The primary goal of this project is to develop new mathematical techniques to investigate the role of short-term synaptic plasticity (STSP) in feedback neuronal networks. The techniques are based on extracting feedback information from different feed forward processes. The Principle Investigator will show how to define different generalized response curves (GRCs) that quantify how a neuron responds to feed forward inputs. Defining new types of GRCs, studying the effect of STSP on these GRCs and exploring the connection between GRCs and feedback will be a major focus of the project. Specific problems to be addressed include determining how phase relationships are maintained in central pattern generating networks, determining how networks combine synaptic and intrinsic resonance information to choose a preferred frequency of operation and understanding the origins of multi-stability in networks with cells that contain T-type calcium currents. Many of these problems are being considered in parallel with an experimental group that works on the crab stomatogastric ganglion.
Short-term synaptic plasticity (STSP) refers to the ability of a synapse to change its strength as a function of its usage. It is widely found in neuronal circuits across the brain. Feedback is a feature that is common to most neuronal circuits. Understanding its role in determining the dynamics of rhythmic patterns is of critical importance for understanding the function of neuronal networks. By considering the effect of STSP on feedback networks, this project will enhance our understanding of how networks of the central nervous system organize their components to perform behavioral tasks such as chewing, swimming or breathing. Due to its interdisciplinary nature and direct link with experimental neuroscience, the findings of this project are expected to be of interest to members of the larger experimental, computational and analytic neuroscience communities. Post-doctoral and graduate students will participate in various aspects of this project and will be trained in the interdisciplinary field of mathematical neuroscience. This project will also directly complement the on-going NSF funded Undergraduate Biology and Mathematics Training Program at NJIT (DUE 0436244), which began in 2004. Six of the twelve undergraduates who have thus far participated are from groups that are traditionally under-represented in mathematics and science. With its emphasis on both research and training, this project will have a longer-term broader impact of developing a trained workforce able to work at the challenging interface of mathematics and the life sciences.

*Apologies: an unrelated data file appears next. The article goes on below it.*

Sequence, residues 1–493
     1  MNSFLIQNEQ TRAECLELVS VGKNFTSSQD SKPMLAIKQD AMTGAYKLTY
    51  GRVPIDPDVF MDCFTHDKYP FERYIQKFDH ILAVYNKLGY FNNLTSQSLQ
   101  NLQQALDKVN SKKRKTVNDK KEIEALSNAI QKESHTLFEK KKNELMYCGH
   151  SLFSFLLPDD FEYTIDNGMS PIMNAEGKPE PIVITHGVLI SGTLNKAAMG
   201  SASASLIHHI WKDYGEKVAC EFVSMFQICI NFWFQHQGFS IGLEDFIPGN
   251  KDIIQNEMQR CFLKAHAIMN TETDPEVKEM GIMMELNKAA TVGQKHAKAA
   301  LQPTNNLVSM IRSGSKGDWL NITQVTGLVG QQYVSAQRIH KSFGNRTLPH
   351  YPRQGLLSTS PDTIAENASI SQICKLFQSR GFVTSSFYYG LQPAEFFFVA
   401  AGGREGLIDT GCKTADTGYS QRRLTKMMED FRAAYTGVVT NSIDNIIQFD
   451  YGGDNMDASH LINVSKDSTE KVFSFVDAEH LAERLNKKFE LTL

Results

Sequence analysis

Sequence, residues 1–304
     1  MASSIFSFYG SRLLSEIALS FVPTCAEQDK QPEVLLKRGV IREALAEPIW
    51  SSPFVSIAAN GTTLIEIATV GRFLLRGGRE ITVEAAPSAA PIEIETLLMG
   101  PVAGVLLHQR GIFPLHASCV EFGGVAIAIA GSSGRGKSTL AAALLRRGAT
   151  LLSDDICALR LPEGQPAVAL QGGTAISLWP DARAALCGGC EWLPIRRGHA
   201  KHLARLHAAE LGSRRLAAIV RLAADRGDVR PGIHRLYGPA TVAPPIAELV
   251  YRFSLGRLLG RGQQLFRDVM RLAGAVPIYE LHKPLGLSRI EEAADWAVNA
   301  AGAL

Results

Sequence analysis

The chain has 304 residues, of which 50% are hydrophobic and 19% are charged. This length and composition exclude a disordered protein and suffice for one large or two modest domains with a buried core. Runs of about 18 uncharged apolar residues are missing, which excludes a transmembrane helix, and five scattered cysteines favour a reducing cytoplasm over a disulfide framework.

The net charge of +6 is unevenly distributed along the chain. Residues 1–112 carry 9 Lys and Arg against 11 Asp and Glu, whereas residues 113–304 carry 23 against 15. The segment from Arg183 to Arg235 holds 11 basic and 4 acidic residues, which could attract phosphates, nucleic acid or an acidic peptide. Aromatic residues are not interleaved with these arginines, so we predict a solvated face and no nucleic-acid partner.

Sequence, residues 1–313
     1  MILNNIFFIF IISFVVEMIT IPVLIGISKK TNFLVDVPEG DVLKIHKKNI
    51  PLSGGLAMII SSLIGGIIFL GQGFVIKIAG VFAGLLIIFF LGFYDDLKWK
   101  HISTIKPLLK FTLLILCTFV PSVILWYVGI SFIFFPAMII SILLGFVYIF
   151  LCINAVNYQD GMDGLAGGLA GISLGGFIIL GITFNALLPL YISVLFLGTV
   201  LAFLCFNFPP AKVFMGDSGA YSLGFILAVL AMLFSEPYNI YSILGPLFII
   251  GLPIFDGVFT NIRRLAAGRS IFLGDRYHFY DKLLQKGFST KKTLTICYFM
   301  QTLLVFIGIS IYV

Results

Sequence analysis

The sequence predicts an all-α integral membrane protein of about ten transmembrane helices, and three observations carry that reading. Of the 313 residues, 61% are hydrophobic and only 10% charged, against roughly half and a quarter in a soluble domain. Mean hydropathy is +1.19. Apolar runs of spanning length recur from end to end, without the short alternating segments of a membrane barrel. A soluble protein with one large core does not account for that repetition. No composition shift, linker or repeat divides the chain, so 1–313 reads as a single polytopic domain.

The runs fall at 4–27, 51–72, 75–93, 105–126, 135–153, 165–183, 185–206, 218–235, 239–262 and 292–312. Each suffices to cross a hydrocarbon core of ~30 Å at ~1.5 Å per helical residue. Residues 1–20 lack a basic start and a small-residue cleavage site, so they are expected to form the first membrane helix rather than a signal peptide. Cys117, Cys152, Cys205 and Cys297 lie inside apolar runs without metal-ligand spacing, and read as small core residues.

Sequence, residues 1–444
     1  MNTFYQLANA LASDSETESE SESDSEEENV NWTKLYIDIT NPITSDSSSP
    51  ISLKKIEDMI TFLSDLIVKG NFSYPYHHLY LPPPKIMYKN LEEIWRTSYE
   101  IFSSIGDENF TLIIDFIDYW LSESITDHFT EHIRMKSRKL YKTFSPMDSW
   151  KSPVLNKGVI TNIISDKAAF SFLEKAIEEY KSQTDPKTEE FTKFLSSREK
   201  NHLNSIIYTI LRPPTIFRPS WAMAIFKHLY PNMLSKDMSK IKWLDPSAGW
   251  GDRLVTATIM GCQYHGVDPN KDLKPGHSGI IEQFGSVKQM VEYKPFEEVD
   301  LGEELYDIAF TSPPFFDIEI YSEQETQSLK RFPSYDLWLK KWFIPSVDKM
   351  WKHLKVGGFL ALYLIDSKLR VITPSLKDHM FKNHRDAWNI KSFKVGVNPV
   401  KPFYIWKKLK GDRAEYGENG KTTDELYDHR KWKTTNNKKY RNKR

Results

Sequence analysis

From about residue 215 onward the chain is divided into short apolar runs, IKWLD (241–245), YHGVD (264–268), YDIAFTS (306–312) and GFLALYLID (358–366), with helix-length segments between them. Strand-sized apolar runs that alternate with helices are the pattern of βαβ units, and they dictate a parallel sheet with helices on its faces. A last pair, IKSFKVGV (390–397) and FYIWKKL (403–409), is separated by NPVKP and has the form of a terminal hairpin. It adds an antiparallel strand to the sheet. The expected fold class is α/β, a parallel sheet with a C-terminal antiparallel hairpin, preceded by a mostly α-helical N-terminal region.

|Effective start/end date||9/1/06 → 8/31/10|
- National Science Foundation: $250,000.00